C3 turns the circuit into an oscillator. To understand this you need to think hard about the role of the emitter and the thing you have to think hard about is this - the emitter (as well as the base) is an input to the transistor that is amplified by the transistor.
An ac voltage (superimposed on a dc voltage) between base and emitter is amplified by transistor action - people usually talk about an ac voltage applied to the base being amplified by the transistor but, in reality the base current is due to a voltage difference of about 0.7 volts between base and emitter. If the signal on the base (or emitter) alters the base current then the transistor will amplify it it.
If you held the emitter voltage constant and raised the base voltage there would be an increase in base current that would cause a greater collector current. If you held the base voltage constant and increased the emitter voltage there would be a decrease in collector current.
So when base voltage increases, collector current increases and there is a tendency for collector voltage to drop - i.e. the voltage on the collector is inverted compared to the base BUT it's not inverted when you raise the emitter voltage - collector voltage (signals) are non-inverted (and amplified) versions of the signal on the emitter - this means that C3 creates positive feedback and, positive feedback (in this type of circuit) creates an oscillator.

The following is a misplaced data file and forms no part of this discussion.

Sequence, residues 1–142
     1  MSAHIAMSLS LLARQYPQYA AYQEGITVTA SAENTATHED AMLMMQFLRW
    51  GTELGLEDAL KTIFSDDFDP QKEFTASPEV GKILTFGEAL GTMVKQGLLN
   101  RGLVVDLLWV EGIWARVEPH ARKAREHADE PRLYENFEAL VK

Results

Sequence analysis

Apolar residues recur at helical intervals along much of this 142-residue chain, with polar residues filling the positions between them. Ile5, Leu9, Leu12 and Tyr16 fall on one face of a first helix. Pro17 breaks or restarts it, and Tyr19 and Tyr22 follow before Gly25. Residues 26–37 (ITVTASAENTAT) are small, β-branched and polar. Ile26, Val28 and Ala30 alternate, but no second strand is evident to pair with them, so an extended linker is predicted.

The modulation is a little subtler - there is always a few picofarads capacitance between collector and base and this capacitance gets smaller as the collector-base junction gets more reverse biased. This means you can tune the oscillator a bit by raising or lowering the base voltage - the microphone does this with the audio signal it produces and the CB capacitance is modulated at the same rate as the signal from the microphone. This undulating CB capacitance is, effectively in parallel with C2 and bingo, you get FM (plus a little bit of AM too.